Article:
Daenerys’ war-waging is not going well. For the second week in a row on HBO’s Game of Thrones, the Mother of Dragons sustains a massive blow. Last week, it was the destruction of her Iron fleet by Euron Greyjoy, a piece of information she learned in the middle of her meeting with Jon Snow. This week, it is the loss of Highgarden and House Tyrell to Jaime Lannister. With it, Dany not only loses the wisdom and support of Olenna, but the wealth that Highgarden wielded.
The loss of Highgarden’s financial backing is perhaps less important as a blow to Dany’s coffers and more vital as a financial gain for Cersei’s, who had the Iron Bank knocking at her door, inquiring about Lannister debt. Cersei and Jaime prove themselves skilled strategists by taking Highgarden. Now, they are able to pay their debts and they have struck another blow against Dany. Two birds, one stone. #ALannisterAlwaysPaysHerDebts
The loss will no doubt be particularly devastating to Tyrion, who has always prided himself on his abilities as a strategist. And growing up as the bastard of Casterly Rock, pride was no doubt hard to come by. To be outsmarted by Cersei and Jaime at his own game has got to sting, and will likely only make him more eager to prove himself the superior strategist moving forward. Structurally, it seems more and more likely that Season 7 is giving Cersei some early triumphs in order to make Dany’s inevitable victory that much more dramatic. Let’s call it The Robb Stark, shall we?
Let’s talk more about those Cersei victories. It wasn’t just on the battlefield that Cersei enjoyed success. The episode began with Euron Greyjoy presenting his prize of Ellaria and Tyene Sand to his prospective wife. The ploy works. Cersei agrees to marry Euron after the war is won (I wouldn’t hold my breath on that one, Euron.) and Cersei enjoys her engagement present. She uses the same poison used to kill Myrcella on Tyene. “The Long Farewell” will kill Tyene slowly, and Ellaria will be forced to watch. I guess it’s too much to hope that Ellaria has slowly built her daughters’ immunity to poison up? Probably.
Olenna has the last laugh.
Cersei also has Jaime kill Olenna, following the defeat of Highgarden, though this death is infinitely “kinder.” Jaime convinces Cersei to allow a painless death-by-poison. Perhaps Cersei feels bad that she killed Olenna’s grandchildren. After all, if there’s anything this most bitter Cersei can still empathize with, it’s the pain and fury felt over the loss of a child or grandchild.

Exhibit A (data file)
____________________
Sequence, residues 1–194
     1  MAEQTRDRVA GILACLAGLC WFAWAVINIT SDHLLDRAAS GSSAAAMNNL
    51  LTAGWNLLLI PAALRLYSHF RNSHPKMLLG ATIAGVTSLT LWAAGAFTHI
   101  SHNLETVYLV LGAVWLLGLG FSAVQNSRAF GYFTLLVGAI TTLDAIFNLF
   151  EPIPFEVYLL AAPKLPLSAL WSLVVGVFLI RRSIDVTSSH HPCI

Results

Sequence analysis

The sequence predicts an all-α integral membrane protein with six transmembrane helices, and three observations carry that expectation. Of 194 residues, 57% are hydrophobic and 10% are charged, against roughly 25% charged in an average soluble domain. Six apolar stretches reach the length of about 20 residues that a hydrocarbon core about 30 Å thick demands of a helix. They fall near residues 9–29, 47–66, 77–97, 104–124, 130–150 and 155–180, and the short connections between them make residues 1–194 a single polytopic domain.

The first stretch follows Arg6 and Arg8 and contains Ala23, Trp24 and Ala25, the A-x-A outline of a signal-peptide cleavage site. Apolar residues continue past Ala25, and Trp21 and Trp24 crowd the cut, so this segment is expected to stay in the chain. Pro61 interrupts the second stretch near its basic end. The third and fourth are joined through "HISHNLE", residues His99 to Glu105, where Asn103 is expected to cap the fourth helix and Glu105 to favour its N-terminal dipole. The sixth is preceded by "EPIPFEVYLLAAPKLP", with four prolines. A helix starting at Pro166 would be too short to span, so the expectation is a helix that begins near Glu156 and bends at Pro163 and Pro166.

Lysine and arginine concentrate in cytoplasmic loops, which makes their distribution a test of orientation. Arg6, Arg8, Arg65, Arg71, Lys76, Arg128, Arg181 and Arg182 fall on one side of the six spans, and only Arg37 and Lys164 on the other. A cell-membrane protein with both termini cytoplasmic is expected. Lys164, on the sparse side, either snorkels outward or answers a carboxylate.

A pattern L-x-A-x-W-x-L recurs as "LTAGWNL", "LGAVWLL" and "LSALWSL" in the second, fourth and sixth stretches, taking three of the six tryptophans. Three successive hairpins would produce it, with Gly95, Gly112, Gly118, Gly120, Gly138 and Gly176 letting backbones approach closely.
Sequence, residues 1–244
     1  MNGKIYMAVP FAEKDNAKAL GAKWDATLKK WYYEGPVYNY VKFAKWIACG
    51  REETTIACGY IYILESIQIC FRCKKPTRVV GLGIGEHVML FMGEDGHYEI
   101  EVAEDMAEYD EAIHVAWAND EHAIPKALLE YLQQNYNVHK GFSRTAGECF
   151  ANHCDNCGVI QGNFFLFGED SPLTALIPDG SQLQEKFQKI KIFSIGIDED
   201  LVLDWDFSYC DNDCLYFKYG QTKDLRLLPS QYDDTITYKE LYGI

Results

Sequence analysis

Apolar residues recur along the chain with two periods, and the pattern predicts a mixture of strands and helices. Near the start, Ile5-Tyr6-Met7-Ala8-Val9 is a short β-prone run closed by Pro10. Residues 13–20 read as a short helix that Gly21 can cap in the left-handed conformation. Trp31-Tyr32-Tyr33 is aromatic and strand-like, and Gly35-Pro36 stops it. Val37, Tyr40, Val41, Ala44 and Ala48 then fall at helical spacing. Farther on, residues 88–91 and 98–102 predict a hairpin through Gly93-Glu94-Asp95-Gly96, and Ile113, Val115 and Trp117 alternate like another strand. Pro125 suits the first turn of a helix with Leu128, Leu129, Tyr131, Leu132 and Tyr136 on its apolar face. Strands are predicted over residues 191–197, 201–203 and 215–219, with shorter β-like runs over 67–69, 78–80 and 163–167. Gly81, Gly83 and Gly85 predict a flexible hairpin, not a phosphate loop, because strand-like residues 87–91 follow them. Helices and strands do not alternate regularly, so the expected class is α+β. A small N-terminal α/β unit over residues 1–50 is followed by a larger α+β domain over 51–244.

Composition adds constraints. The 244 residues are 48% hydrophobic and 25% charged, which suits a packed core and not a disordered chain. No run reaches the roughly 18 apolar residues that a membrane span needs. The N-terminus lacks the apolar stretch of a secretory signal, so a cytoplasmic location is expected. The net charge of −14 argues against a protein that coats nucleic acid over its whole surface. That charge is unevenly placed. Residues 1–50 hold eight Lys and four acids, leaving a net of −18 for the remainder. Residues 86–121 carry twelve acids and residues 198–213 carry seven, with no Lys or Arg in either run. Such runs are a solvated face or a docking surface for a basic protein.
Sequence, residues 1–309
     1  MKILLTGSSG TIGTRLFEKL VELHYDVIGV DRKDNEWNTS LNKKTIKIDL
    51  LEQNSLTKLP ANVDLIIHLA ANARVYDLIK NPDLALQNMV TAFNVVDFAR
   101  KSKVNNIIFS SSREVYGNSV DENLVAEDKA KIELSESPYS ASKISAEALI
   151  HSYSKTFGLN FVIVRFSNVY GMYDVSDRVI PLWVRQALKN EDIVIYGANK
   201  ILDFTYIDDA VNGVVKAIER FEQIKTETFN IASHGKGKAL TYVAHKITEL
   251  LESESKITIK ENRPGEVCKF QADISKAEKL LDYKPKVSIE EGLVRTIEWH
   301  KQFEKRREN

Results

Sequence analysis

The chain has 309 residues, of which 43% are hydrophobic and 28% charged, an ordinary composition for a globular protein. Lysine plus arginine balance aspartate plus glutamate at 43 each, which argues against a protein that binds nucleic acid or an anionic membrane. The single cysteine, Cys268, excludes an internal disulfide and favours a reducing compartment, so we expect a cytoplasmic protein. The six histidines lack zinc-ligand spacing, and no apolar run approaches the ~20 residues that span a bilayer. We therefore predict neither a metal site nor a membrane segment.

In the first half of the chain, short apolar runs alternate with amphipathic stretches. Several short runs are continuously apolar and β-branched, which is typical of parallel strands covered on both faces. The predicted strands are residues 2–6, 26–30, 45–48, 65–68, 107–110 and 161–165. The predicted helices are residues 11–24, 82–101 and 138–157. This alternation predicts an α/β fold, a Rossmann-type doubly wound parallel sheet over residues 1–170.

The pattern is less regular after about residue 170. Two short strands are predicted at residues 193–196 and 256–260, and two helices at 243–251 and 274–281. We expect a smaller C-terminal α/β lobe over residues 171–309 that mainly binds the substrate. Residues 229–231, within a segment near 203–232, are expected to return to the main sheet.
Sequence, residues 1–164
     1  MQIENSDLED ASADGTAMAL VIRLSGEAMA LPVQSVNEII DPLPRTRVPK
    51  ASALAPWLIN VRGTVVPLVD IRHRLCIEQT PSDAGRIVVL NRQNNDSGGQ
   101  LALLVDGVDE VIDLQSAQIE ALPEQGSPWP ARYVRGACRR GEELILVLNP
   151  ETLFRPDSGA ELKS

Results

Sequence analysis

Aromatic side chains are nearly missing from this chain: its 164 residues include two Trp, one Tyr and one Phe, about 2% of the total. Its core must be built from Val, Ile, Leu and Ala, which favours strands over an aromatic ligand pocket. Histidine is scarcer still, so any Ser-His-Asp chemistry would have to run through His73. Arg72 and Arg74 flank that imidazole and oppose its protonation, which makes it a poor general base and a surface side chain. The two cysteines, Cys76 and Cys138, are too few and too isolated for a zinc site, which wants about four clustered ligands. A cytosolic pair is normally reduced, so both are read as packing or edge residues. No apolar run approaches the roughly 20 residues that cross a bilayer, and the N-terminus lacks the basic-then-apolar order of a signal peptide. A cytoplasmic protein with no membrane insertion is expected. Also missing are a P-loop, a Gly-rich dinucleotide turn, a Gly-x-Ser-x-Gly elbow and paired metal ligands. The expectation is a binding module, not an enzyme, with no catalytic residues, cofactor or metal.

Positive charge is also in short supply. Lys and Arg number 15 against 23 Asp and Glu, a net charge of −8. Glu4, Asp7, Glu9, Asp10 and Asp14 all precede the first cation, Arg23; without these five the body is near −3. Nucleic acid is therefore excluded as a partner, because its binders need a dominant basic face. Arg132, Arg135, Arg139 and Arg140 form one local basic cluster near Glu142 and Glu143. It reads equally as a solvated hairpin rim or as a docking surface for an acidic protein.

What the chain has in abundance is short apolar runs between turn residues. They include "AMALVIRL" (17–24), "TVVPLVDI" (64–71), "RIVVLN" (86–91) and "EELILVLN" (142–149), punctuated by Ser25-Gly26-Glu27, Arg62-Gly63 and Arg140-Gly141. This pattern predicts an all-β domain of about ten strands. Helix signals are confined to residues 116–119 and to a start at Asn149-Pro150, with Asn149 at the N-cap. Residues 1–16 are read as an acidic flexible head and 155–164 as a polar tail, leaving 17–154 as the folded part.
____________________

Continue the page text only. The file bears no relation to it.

But it’s Olenna who gets the last laugh, telling Jaime only after she has drank the poison that it was she who killed Joffrey. She didn’t mean for him to die so messily, but she did mean for him to die. Olenna out!
While this isn’t much of a revelation for any viewer who has been paying attention, it is news to Jaime, whose face grows stony at the news. But he’s chosen his side, and Olenna has little sympathy for him at this point. She regrets nothing, only that she couldn’t imagine just how cruel Cersei could be.
While this was another phenomenal scene for Lady Olenna, in many ways, this moment belonged to Jaime. Olenna died the way she lived: like a badass. Meanwhile, Jaime doubles down on his commitment to Cersei. “You really do love her. You poor fool,” Olena tells him, predicting: “She’ll be the end of you.”
But Jaime seems to think that, once Cersei has secured her hold over Westeros, she will become a less harsh version of the woman he loves. He seems to think this is simply Wartime Cersei, when really this is who Cersei is now. She does terrible things not out of the necessity of war, but because the sweet rush of vengeance is the only thing she can feel anymore. It is no coincidence that Cersei is able to indulge in the pleasures of sex and sleep only after she gets her revenge on Ellaria.
I felt similarly watching Jaime’s choices here as I did watching Theon’s last week. It’s disappointing to see them both choose a redundant path, one that cuts their redemptive arcs short, but it isn’t outside of their characterization. Jaime has always loved Cersei. Heck, he pushed a small child out of a window in the very first episode to protect their affair.